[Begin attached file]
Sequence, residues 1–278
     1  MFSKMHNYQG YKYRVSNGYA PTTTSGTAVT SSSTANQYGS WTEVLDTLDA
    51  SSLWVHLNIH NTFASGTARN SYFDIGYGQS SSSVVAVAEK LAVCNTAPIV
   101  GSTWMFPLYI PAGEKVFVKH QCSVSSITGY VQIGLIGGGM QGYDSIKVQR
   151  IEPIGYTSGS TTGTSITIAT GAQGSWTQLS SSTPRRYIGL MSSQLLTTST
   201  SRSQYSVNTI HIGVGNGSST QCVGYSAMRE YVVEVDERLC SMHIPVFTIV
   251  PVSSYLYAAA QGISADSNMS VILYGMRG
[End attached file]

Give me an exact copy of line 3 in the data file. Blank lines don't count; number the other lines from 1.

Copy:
    51  SSLWVHLNIH NTFASGTARN SYFDIGYGQS SSSVVAVAEK LAVCNTAPIV